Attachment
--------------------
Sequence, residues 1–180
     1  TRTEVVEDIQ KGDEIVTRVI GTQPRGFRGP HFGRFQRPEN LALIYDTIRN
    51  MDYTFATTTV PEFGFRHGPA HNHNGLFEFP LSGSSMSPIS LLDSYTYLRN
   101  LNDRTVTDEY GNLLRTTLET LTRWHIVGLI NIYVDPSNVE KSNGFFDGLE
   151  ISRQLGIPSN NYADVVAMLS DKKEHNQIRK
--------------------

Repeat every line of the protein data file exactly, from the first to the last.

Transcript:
Sequence, residues 1–180
     1  TRTEVVEDIQ KGDEIVTRVI GTQPRGFRGP HFGRFQRPEN LALIYDTIRN
    51  MDYTFATTTV PEFGFRHGPA HNHNGLFEFP LSGSSMSPIS LLDSYTYLRN
   101  LNDRTVTDEY GNLLRTTLET LTRWHIVGLI NIYVDPSNVE KSNGFFDGLE
   151  ISRQLGIPSN NYADVVAMLS DKKEHNQIRK